The main difference between collaborative divorce and no-fault divorce is that the former remains under the purview of the court, while the latter sits as an outside decision. No-fault divorce became the prominent form of representation no-fault divorce refers to different ways in which states allow prospective divorcees to legal proceedings
Collaborative divorce functions outside of the court system and comes from a couple agreeing not to go to court regarding their claims, and to work through their disagreements in a form of mediation.
Many people compare court-ordered mediated to collaborative divorce, but they exist as two entirely different functions. Although court-ordered mediation holds no legal legitimacy in a divorce proceeding, mediation has shown to improve many situations; either of the spouses in question can walk out whenever they want without fear of penalty.
A collaborative divorce begins with a legal obligation to complete the divorce in this fashion, further disallowing any divorce considerations to be brought up later in front of a court.
No-fault divorce has succeeded in easing the intensity of the legal system, but still pits individuals against each other in an accusatory setting that often digs deeper into an already tarnished relationship.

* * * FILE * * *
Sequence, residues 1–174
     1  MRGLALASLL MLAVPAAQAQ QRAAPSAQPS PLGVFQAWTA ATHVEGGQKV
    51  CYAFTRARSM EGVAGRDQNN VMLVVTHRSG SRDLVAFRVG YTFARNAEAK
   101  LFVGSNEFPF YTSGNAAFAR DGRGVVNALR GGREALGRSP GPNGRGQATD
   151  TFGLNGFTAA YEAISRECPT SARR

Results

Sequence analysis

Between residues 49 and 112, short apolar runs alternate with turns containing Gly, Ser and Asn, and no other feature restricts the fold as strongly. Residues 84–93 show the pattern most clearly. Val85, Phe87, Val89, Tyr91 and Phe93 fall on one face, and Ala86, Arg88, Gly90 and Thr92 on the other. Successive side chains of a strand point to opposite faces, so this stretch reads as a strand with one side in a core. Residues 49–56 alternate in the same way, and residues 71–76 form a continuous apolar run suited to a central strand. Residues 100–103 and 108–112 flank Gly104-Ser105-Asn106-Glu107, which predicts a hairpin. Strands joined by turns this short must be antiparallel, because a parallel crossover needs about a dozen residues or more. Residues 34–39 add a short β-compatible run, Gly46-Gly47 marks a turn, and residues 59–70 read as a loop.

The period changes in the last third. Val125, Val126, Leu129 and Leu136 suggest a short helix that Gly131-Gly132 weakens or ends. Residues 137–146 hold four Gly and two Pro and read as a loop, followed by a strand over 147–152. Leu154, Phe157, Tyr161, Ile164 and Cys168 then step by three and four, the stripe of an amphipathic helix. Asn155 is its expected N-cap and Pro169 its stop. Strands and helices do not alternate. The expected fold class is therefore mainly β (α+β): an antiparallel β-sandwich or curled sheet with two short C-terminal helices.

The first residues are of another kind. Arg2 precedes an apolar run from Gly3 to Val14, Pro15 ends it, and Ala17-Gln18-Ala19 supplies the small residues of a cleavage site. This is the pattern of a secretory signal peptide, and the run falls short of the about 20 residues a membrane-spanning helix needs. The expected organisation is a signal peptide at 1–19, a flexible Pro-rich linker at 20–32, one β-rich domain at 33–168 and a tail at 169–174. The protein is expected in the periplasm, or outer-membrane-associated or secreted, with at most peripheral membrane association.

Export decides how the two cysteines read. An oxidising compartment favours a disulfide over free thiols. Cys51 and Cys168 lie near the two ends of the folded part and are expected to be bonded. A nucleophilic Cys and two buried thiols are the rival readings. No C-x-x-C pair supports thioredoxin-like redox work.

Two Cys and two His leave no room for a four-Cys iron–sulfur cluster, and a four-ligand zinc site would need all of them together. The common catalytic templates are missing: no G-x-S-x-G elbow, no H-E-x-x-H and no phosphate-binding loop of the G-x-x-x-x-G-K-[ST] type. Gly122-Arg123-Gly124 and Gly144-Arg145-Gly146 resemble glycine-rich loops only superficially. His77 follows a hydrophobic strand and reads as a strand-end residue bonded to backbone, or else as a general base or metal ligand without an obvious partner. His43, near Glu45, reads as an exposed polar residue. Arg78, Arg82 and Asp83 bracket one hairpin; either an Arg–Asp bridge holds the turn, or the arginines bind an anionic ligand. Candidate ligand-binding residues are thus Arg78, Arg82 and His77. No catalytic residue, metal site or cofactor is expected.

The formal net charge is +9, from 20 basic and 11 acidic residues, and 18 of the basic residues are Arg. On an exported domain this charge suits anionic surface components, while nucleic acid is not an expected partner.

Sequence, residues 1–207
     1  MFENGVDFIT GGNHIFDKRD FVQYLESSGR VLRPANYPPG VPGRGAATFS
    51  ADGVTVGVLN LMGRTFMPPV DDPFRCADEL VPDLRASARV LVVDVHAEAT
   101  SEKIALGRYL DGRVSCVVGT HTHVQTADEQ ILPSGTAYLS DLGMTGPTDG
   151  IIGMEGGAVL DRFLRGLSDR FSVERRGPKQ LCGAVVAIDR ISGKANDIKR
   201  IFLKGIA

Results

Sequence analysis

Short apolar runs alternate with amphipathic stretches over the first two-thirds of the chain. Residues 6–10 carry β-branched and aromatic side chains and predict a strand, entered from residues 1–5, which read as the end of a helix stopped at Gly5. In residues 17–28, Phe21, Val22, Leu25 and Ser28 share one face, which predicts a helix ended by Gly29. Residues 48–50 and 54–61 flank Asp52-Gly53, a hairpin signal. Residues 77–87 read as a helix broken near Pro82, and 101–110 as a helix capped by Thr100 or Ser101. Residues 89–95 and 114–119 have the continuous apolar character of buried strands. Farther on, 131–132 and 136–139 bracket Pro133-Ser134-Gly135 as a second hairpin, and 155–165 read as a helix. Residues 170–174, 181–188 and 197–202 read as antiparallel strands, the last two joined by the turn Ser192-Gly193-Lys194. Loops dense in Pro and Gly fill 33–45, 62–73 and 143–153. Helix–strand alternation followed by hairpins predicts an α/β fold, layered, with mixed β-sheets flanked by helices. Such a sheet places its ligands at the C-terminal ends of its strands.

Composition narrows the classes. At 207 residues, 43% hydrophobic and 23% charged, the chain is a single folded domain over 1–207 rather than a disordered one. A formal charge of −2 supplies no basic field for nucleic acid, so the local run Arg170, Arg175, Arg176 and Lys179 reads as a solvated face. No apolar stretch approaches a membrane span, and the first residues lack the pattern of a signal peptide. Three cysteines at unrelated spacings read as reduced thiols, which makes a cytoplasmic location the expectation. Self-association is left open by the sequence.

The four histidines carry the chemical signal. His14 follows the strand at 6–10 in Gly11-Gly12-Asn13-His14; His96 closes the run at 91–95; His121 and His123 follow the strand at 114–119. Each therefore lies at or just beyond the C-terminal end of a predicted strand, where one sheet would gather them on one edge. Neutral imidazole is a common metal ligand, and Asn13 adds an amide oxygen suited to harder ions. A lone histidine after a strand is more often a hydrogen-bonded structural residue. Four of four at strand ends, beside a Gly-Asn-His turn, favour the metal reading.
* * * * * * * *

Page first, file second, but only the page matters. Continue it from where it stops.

Especially couples that face divorce with kids note the difficulty in demonizing the opposing party in court and then attempting to work together on parenting.
Collaborative divorce rather focuses on specific interests and reservations and attempts to build compromise rather than tear down the other case.
The nature of the legal system is one party against another with the object being a victory.
In family court, where relationships are destroyed and families lost, even the winner of the case will always wind up losing in the end; no-fault divorce allows people to make their own decisions with marriage, while still allowing the opportunity to the individuals in question to come together and agree on some central tenets.